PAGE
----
J.K. Rowling debuted her brand-new personal website today, JKRowling.com, and along with a lengthy FAQ sheet, answering some of our most burning Potterverse questions, covering both Harry Potter and Fantastic Beasts ground, she let fans know that she's been working on a few new novels—"one of each" under her pen name Robert Galbraith, and under her own name.
"I wanted to bring my website back to what it used to be: something real and personal," wrote Rowling in a welcome post on her new site. "This is a faithful representation of my writing desk, except that I haven’t put on the bits of stale popcorn and biscuit crumbs that usually litter the surface. Everything looks a bit tidier and cleaner than it really is, but after all, it’s only polite to make an effort for guests," she said of the site's homepage, a mock-up of the very desk on which she is currently writing new, captivating stories, according to a few Tweets from Wednesday afternoon.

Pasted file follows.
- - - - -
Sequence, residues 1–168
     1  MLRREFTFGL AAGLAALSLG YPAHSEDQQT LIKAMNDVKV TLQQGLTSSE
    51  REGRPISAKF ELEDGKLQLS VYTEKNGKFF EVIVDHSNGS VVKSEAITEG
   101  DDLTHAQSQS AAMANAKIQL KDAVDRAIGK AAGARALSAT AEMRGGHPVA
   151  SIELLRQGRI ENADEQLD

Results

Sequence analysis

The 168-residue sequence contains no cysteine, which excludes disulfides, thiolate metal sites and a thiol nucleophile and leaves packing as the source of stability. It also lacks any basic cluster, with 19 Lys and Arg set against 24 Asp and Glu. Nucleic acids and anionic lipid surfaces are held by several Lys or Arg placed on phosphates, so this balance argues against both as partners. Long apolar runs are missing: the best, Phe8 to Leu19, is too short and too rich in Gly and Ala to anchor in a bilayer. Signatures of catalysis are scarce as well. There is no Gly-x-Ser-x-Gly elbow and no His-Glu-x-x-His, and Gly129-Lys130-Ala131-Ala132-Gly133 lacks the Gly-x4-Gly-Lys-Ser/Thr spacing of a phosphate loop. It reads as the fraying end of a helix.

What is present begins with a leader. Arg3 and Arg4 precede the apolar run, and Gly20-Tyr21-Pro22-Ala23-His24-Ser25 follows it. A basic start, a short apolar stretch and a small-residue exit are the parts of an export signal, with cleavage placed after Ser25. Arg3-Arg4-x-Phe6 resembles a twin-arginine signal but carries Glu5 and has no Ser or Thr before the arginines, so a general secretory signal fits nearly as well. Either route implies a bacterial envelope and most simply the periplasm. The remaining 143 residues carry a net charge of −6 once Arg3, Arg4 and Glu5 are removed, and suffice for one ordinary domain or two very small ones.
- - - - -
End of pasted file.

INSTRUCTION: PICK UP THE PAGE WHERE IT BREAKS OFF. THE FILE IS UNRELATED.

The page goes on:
A Galbraith novel and a Rowling novel! It is truly Christmas come early.
"2016 meant an almost total re-immersion in the wizarding world," the author added in the post. "I’ve been absolutely delighted with the reception of [The Cursed Child and Fantastic Beasts]: the stakes are always very high when you return to a well-loved creation, and after almost a decade of refusing to do spin-offs or remakes, I feel overwhelming relief that both long-time fans and newcomers have enjoyed what we’ve done," she said.
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"I decided my Christmas gift to wizard-lovers should be to answer some of the most frequently asked questions about the plot of the new franchise," she wrote giving HP fans everywhere a little something extra to celebrate this holiday season. "There’s also a bonus FAQ, an oldie about Chamber of Secrets that I’ve been asked at least once a week for nine years."
The FAQs tackle topics like the nature of an Obscurus, why Newt Scamander couldn't Apparate into the United States, and just how "Revelio" revealed Percival Graves's true identity as Grindlewald. And that Chamber of Secrets question? Let's just say it has much to do with the fan theory that the Basilisk's venom should have killed the Horcrux living inside of Harry—and Rowling's explanation certainly satisfies.